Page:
It'd be easy to dismiss the recent reports of a one of the earliest posts about the attack was from CloudFlare, and they've got form.on sites running the WordPress content management system (CMS) as yet another cry-wolf scare story from an exaggeration-prone web hosting company eager for business. After all,
Less than a month ago, CloudFlare chief executive officer Matthew Prince spun the distributed denial of service (DDoS) attack against Spamhaus into "The DDoS that almost broke the internet", and he shamelessly told The New York Times that "These things are essentially like nuclear bombs ... It's so easy to cause so much damage."
An extreme cynic might even note that this botnet, claimed to be 90,000 computers strong, is conducting brute-force password-guessing against WordPress sites around the planet just days after WordPress.com announced two-factor authentication for sites hosted on its own infrastructure — just the thing to mitigate against that risk. I couldn't possibly comment.
But despite the lack of vaporised cities and radioactive fallout, or even any serious impact so far, these WordPress attacks have the potential to get a lot worse — thanks to the very factors that make WordPress such a popular CMS.
WordPress' big selling point is ease of use. That means it has massive appeal right at the bottom end of the market.
Down at this level, even in 2013, websites are usually little more than static brochureware that gets updated rarely, if at all. With nothing to change, the sites' owners don't log into WordPress, so they don't see the software upgrade notices. Or if they do, they don't know what they mean.
This is where businesses are reluctant to spend even a thousand dollars on a site, so asking them to fork over more money for "maintenance" is a waste of time — what visible difference does it make?
Besides, they'll say, they have someone who "takes care of" their website.
That someone is generally a "web designer", not a developer. WordPress has been a boon for them. Its multitudinous free or cheap themes and plugins make it possible to build a decent website with plenty of functionality without having to dirty their hands with actual code. Or dirty their minds understanding it.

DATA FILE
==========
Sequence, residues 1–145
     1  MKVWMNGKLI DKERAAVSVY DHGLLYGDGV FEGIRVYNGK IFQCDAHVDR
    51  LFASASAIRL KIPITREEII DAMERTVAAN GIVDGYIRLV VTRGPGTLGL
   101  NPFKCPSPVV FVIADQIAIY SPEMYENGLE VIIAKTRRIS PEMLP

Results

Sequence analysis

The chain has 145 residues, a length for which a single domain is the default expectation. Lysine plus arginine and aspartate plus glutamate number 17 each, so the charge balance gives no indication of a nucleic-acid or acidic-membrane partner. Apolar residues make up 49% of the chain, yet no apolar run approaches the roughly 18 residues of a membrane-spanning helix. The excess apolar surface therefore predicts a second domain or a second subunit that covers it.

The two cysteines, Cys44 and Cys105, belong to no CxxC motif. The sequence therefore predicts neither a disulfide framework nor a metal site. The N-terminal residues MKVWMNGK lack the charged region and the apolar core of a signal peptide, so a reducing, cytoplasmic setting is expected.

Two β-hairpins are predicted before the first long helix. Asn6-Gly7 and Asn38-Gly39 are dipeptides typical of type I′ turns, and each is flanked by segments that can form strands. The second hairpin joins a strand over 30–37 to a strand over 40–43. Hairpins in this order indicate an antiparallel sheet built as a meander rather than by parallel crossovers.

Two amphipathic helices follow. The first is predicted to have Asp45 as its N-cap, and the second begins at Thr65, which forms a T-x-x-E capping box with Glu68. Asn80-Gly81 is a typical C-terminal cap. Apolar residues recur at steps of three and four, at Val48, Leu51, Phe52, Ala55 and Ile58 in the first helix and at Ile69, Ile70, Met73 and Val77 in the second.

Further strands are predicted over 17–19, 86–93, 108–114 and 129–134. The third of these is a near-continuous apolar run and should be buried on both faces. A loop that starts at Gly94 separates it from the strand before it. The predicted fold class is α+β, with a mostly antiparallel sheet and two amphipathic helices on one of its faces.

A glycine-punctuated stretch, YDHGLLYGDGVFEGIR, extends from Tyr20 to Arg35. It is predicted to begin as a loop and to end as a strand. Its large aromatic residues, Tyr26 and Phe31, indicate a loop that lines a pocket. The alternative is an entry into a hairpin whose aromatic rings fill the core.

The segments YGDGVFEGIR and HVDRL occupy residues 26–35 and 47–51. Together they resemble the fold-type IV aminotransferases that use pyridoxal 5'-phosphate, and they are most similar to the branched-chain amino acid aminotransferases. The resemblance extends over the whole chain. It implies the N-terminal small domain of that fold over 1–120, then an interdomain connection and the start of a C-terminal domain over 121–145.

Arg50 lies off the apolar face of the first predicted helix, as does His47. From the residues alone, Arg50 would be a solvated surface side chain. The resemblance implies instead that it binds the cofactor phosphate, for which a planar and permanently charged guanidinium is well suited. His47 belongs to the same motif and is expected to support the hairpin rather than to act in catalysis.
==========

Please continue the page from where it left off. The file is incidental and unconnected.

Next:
Forgive me, for I'm about to commit the sin of extrapolating from personal experience, but in nearly two decades, I have yet to encounter a "web designer" with halfway-decent security practices — by which I mean creating a different login for every human rather than a generic "admin" account, creating strong passwords, not reusing passwords, deleting unused accounts, and not blithely emailing a business' master internet hosting password to any sub-contractor who might need momentary access.
Indeed, many of those I've encountered have deliberately set the WordPress admin password (or its equivalent in pre-WordPress days) to be exactly the same as their client's hosting account master password, their domain registry password, the login on their PC, and everything else in sight to "make it easier" — because that gets rid of those annoying "I've lost my password" support calls.
WordPress is now the tool of choice for these people, and they've built millions of WordPress websites.
But have they maintained them? No.
As I write this, the WordPress download counter tells me that 17,594,130 people have downloaded the current WordPress version 3.5 and, erm, counting. But over at the statistics page, a rather alarming pie chart tells us that version 3.5 accounts for only 30.5 percent of running WordPress installations.
More than two-thirds of WordPress installations are running versions with known security vulnerabilities? A password-guessing botnet would be the least of our worries.
While CloudFlare was talking up this attack, Sucuri Security was talking it down. They were seeing "only" around three times the number of password-guessing attempts they usually see.
Could it be just a trial, or the calm before a much bigger storm? My impression is that WordPress sites are usually hacked as part of black-hat search engine optimisation (SEO) operations, posting links to their masters' websites for the extra Googlejuice, with no attempt to compromise the hosting account or the server it runs on.
Yet most low-end WordPress sites run on servers with plenty of spare capacity. "Apparently, someone is building a formidable botnet of compromised WordPress accounts that is likely to be used in a much larger attack," said a relatively sober post at Threatpost, though they add one proviso: "Some experts are speculating."
Speculating they are. And I am. But there's maybe 30 million WordPress sites there for the taking, and that's a lot of firepower.